Christianity and Sociobiology

Human Sin or Social Sin: Evolutionary Psychology, Plato and the Christian Logic of Sociology
Paul Dachslager
Charleston, SC: CreateSpace, 2016

The title of a book often best indicates the author’s approach to his subject matter. For that matter, the somewhat lengthy subtitle of Paul Dachslager’s book could be replaced by a more explicit inscription of his, such as “On the White Man’s Mimicry of the Other,” or “The Inversion of the Truth,” or “The Power of Changing Paradigms.” The author’s main thesis is that with dominant political ideas always subject to change, the reader’s conceptual tools are also bound to undergo change. What many evolutionary psychologists in their research on race took for granted fifty or sixty years ago must, as a result of the pressure of new political myths, be now either discarded, or short of that, wrapped up in a more hermetic language designed for the eyes and ears of the initiated only. With the pervasive secular religion of political correctness reigning now supreme in US academia and the mainstream media, even the strongest empirical evidence on the disparities of IQs among races, the role of hereditary genius, and genetic influences on criminality must be carefully reworded in a more arcane language.

As Paul Dachslager correctly observes at the outset of his book, in our hyper-moralistic and hyper-altruistic world, scholarly incursions into the role of biological influences in explaining human behavior are met with social opprobrium and are often dubbed with a derogatory label of “scientism.” Once upon a time Whites had to expunge their bodily sins by abiding with the carnality-hating canons of the Church; today Whites have to expunge their social sins by demolishing traditional racial thinking. “As the body was once stigmatized or banned, today the social body [i.e., race, class, and gender] should be banned.” In both cases we can observe the state of self-denial of penitent Whites, reflecting itself on the one hand in the excessive display of false piety towards the Other, and in a subconscious search for the retrieval of their lost racial and ethical grandeur, on the other.

This can best be seen in contemporary Whites’ self-inflicted mimicry of African American social comportment, which by definition demands self-abasement for Whites. This is a classic example of an inverted form of racism, which always provides a good conscience. The politics of guilt, or the politics of mimicked atonement, or the politics of false penitence, or, better yet, collective self-hate, have become by now a standard ritual of academics and politicians in the European Union and United States. The merit of the author is that with his interdisciplinary approach his analyses touch on a wide range of fields, thus making his book an easy read for students in different areas of the social sciences. Of special interest is the author’s description of the link between Christianity and the genealogy of White penitence, a factor often neglected by many sociobiologists, who all too often focus on statistical measurements of cognitive skills of different races while neglecting the power of sentiments, the importance of political myths, and the role of religious beliefs that shape the behavior of different races and peoples. Such a reductionist approach is less pronounced in Europe than in the United States, a country where the powerful heritage of the biblical narrative, with its contemporary legal modalities, often leads to grotesque hyper-moralism among American decision makers and pathological proclivity to self-hate among ordinary Whites.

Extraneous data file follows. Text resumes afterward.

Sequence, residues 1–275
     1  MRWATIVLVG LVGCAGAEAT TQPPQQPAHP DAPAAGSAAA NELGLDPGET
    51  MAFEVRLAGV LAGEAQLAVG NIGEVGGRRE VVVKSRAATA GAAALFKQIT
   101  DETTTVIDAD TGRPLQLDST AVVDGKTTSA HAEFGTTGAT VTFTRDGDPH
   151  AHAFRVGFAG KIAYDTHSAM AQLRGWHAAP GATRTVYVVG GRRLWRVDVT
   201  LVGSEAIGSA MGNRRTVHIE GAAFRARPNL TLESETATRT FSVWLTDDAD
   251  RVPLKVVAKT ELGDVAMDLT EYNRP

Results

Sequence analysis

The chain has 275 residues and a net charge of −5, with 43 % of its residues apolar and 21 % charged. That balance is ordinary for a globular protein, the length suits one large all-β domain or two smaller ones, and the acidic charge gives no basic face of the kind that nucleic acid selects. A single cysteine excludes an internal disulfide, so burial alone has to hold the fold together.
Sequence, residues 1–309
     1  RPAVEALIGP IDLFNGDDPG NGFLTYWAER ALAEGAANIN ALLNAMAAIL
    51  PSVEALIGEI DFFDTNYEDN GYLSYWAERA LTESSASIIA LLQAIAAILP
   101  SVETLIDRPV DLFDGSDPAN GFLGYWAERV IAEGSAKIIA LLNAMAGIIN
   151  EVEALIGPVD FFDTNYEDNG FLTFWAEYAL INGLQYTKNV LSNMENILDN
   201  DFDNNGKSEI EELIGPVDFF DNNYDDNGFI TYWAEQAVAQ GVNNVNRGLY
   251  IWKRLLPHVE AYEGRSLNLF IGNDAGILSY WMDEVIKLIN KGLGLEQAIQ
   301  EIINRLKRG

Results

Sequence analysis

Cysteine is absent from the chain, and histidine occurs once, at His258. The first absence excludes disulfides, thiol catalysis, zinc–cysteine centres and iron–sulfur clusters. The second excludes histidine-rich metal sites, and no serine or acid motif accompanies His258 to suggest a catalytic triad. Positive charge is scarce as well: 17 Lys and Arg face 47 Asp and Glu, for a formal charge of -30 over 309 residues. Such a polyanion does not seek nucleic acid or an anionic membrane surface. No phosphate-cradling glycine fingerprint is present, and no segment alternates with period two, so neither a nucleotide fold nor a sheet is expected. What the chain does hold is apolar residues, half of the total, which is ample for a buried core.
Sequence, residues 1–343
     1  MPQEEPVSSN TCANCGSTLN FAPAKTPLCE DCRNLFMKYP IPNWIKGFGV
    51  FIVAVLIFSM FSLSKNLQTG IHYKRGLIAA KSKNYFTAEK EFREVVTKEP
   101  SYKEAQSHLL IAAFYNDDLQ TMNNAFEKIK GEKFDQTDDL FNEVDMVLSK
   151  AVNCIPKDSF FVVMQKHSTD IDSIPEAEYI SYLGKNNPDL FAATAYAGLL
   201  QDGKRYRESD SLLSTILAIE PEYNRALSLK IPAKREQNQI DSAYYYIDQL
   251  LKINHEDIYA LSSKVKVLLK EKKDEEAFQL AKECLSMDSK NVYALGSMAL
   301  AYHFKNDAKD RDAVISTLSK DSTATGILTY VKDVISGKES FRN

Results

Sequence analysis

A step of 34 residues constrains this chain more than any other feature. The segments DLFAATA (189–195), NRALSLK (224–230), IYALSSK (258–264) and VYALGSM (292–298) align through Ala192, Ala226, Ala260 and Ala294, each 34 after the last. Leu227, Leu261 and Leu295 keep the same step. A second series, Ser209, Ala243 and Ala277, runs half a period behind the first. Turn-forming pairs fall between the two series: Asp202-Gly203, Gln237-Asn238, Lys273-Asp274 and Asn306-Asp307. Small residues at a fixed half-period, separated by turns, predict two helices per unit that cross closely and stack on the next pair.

The book is composed of seventeen chapters with clear-cut themes, although each chapter, with its own central thesis and impressive bibliography, could be read as a separate essay. The author must be commended for his analytical approach to the subject matter, although, toward the end of the book one notices a didactic tone of his prose, which may be therapeutic to many self-hating Whites.

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